The Indian Space Research Organization (ISRO) will include the L1 frequency in all of its future satellites to promote the use of “NAVigation with the Indian Constellation” (NavIC), the Indian version of GPS, Union Minister of State for the Department of Space Jitendra Singh recently stated in Parliament.
According to Singh, the following satellites, starting with NVS-01 and onward, will have an L1 band for civilian navigational use.
Two frequencies, the L5 and S bands, are used by the seven satellites in the NavIC constellation so far to provide positional information. These satellites’ replacements, the future NVS-01 satellites and thereafter, will also carry L1 frequency. Even less complex, consumer-grade gadgets like smartwatches may pick up the L1 signal, which is the oldest and most reliable GPS signal. The use of NavIC in devices for civilian use can therefore increase with this band.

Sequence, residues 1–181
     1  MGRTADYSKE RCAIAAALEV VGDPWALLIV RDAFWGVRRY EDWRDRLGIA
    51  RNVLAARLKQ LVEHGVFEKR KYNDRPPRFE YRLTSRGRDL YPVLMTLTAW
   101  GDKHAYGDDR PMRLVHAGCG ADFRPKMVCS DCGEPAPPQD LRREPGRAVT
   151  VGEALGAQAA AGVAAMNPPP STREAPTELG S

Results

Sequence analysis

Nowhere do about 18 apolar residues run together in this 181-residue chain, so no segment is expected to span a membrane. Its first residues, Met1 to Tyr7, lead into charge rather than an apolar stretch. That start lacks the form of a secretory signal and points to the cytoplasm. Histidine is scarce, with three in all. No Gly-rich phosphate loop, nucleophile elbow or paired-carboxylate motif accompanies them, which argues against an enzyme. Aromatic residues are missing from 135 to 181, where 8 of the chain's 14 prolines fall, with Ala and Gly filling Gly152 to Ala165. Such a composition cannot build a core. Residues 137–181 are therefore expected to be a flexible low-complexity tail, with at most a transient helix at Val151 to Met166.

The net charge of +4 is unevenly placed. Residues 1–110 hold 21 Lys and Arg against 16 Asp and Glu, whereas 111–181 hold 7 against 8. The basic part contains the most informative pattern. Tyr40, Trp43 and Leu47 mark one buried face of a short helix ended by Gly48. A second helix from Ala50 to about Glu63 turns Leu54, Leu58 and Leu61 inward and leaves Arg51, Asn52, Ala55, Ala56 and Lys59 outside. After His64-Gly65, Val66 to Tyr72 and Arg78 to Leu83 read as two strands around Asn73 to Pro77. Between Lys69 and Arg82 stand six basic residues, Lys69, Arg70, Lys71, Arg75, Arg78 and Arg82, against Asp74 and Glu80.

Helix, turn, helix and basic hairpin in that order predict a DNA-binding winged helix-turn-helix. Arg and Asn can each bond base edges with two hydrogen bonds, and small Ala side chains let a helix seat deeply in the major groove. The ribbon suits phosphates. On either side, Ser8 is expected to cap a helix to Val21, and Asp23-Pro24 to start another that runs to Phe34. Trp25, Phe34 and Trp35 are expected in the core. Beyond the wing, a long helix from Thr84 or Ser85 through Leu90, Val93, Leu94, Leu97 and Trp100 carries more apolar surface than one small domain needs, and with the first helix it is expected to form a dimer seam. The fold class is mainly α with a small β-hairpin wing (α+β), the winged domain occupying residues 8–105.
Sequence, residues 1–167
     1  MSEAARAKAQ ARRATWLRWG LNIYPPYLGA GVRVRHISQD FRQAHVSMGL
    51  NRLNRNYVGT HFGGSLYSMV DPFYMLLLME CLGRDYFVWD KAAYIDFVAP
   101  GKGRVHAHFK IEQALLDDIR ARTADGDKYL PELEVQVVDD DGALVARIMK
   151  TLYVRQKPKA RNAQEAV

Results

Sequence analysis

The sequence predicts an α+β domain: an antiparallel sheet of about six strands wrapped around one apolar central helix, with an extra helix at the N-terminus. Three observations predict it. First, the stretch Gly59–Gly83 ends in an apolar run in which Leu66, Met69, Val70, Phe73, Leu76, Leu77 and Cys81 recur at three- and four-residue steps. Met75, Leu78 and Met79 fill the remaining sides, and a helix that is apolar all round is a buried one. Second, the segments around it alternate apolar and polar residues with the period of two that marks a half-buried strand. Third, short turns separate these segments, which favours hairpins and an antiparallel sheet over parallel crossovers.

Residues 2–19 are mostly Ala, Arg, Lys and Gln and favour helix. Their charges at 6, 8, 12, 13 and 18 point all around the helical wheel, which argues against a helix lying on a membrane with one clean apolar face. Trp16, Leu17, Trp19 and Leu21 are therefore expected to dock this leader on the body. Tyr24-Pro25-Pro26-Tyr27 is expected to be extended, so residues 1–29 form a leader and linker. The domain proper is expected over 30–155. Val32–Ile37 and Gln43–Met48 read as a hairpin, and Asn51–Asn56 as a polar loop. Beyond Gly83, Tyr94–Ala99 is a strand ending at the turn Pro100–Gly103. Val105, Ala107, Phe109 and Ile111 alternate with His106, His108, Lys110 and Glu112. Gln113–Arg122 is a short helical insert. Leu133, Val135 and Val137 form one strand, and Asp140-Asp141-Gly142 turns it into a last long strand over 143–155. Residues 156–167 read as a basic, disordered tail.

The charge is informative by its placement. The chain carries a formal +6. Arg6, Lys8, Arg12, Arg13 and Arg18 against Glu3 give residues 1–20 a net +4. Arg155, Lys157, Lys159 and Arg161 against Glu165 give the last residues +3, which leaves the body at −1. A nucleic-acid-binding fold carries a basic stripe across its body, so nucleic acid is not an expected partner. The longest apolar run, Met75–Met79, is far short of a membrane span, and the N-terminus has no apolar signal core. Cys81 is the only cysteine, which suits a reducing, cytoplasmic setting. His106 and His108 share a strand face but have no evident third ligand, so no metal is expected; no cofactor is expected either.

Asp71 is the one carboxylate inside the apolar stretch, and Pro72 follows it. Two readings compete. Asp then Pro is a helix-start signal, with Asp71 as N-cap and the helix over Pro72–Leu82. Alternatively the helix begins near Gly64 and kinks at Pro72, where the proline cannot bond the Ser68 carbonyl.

NavIC is India’s in-house version of GPS. The navigation satellite system, created by ISRO, was first approved in 2006 at a cost of $174 million, but it wasn’t until 2018 that it started to function. It currently has eight satellites and covers all of India as well as areas up to 1,500 km from its borders.
NavIC is as precise as GPS, according to the authorities. Singh reaffirmed that the “performance of NavIC system is on par with the other positioning systems” in his response to Parliament.
NavIC is mostly used for tracking data linked to natural disasters, emergency warning messages for fishermen heading into deep sea, and public vehicle tracking.
In a nutshell, the government claims that India shouldn’t rely on positioning systems operated by foreign governments since they face the risk of being suspended for civilians during emergencies. Additionally, NavIC will be more accurate than other systems because it was developed in-house.
The system is projected to become more accurate than GPS once the constellation is completely operational and there are ground stations outside of India. ISRO aims to install ground stations in Japan and France to better triangulate the entire area covered by NavIC. In comparison to GPS, which India gets at an angle and is challenging to use in deep forest or valleys, the satellites placed directly over India ensure improved signal availability in a variety of geographical regions.
Source: Indian Express